100%

Scanned image of the page. Keyboard directions: use + to zoom in, - to zoom out, arrow keys to pan inside the viewer.

Page Options

Share

Something wrong?

Something wrong with this page? Report problem.

Rights / Permissions

The University of Michigan Library provides access to these materials for educational and research purposes. These materials may be under copyright. If you decide to use any of these materials, you are responsible for making your own legal assessment and securing any necessary permission. If you have questions about the collection, please contact the Bentley Historical Library at bentley.ref@umich.edu

May 28, 1976 - Image 1

Resource type:
Text
Publication:
The Detroit Jewish News, 1976-05-28

Disclaimer: Computer generated plain text may have errors. Read more about this.

An Historic
Chapter in
Jewish History
and Zionism:
The Saga of
Jan C. Smuts

-Commentary
Page 2

VOL. LXIX, No. 12

THE JEWISH NEWS

A Weekly Review

f Jewish Events

17515 W. Nine Mile, Suite 865, Southfield, Mich. 48075 424 8833

-

$10.00 Per Year ; This Issue 30c

ShOvuot:
Torah Laws
and Ethical
Teachings
Emphasizing
Humanities

Editorial
Page 4

May 28, 1976

Security Council Debating Draft
peploring West Bank Settlement

Rabin Meeting, New Council
Called Arab `Breakthrough'

JERUSALEM (JTA) — Premier Yitzhak Rabin and other top min-
isters Monday pledged efforts at more extensive consultation with Is-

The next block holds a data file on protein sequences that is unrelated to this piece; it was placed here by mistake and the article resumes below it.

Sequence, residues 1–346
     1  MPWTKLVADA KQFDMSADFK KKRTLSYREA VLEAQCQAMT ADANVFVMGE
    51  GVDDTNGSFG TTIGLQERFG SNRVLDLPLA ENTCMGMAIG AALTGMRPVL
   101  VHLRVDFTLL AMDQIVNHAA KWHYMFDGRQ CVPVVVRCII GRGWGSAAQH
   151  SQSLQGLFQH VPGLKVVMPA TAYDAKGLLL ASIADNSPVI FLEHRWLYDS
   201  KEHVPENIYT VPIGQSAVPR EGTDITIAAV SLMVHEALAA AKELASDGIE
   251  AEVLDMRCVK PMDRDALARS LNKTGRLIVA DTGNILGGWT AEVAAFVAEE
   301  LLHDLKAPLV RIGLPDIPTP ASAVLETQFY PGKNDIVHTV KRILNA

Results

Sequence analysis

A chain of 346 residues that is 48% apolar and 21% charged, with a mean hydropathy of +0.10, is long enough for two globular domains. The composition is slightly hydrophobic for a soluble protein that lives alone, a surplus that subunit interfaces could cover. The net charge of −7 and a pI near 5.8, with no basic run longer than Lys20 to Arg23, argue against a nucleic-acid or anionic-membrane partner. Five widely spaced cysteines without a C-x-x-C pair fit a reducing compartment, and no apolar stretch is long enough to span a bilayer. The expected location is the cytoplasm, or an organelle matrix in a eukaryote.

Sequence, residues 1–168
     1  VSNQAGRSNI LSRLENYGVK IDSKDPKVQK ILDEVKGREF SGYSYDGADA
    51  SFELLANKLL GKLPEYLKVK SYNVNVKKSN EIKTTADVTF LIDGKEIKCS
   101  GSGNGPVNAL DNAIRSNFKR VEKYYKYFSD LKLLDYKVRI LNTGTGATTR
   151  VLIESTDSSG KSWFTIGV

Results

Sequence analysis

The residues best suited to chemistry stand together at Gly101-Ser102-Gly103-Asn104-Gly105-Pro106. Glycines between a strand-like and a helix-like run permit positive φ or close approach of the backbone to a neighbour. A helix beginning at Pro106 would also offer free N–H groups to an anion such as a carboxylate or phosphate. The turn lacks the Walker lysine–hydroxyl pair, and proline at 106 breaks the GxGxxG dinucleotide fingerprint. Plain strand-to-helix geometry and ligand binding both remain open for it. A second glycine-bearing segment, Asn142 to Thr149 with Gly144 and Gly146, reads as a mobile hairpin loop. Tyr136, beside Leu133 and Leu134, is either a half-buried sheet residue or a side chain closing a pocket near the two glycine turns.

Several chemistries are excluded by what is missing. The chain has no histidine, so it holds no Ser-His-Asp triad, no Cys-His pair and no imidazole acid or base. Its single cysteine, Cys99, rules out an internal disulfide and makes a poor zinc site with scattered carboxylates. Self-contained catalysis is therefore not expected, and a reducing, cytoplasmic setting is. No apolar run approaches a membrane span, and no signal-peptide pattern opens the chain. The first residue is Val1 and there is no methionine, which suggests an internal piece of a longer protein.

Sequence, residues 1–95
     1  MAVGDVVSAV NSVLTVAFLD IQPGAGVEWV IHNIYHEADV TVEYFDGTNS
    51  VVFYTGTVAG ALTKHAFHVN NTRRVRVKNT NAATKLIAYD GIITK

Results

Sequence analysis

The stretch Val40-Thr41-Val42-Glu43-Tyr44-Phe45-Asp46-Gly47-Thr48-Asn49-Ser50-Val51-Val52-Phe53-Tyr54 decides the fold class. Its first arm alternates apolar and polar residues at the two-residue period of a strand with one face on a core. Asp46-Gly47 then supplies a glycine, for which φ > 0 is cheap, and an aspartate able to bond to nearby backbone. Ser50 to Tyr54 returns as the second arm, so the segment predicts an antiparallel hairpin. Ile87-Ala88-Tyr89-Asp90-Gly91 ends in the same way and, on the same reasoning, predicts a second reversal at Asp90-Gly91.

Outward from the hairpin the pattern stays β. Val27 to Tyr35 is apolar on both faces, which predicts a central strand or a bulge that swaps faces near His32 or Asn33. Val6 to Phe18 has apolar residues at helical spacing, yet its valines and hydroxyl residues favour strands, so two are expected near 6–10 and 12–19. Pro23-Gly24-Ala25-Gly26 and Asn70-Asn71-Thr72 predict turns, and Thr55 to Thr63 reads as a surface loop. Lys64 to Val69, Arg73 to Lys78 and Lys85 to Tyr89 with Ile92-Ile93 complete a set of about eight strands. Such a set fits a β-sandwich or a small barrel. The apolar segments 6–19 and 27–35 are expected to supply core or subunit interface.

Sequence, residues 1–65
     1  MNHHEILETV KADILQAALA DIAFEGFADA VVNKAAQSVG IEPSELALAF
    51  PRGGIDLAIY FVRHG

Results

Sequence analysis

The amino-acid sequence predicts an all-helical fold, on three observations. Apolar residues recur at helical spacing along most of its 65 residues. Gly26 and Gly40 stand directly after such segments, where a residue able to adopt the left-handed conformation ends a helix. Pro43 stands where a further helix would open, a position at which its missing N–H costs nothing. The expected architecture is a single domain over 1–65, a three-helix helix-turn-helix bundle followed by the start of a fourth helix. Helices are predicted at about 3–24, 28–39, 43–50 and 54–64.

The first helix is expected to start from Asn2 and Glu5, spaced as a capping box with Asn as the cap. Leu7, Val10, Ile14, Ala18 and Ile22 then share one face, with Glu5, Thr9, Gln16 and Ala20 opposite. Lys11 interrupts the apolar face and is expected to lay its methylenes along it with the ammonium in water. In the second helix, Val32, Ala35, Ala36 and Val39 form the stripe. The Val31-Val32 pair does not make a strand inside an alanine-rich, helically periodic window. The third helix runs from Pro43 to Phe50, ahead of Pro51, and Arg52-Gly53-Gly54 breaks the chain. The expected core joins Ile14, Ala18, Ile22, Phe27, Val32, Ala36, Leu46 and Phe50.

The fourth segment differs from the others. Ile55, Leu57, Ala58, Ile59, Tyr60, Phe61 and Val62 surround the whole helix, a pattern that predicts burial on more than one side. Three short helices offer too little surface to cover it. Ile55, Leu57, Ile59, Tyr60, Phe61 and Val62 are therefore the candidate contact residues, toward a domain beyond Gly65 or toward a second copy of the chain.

rael's Arab community on government-related issues that affect their
lives.
Rabin met with 10 leading Arab local council chairman in his office
in Jerusalem for almost three hours Monday morning. The chairmen
had asked for the meeting following the surge of unrest among the Arab
community, especially in the Galilee, over government land-appropria-
tion plans.
Rabin was flanked at the meeting by his top adviser on Arab af-
fairs, Shmuel Toledano, and by interior minister Yosef Burg.
The Premier rejected the chairmen's appeal that he revoke the
land-appropriation measures which
sparked the unrest and the March 30 vi-
olent riots In the Galilee. Rabin said
this Cabinet decision would bring de-
velopment to the Galilee that would
benefit both its Jewish and Arab resi-
dents.
Rabin also turned down a request by
the Arab council chairmen for an official
commission of inquiry to investigate the
events of March 30, when six Arabs died
in the riots. The Premier said the police
and the army authorities were conducting
their own thorough investigation of the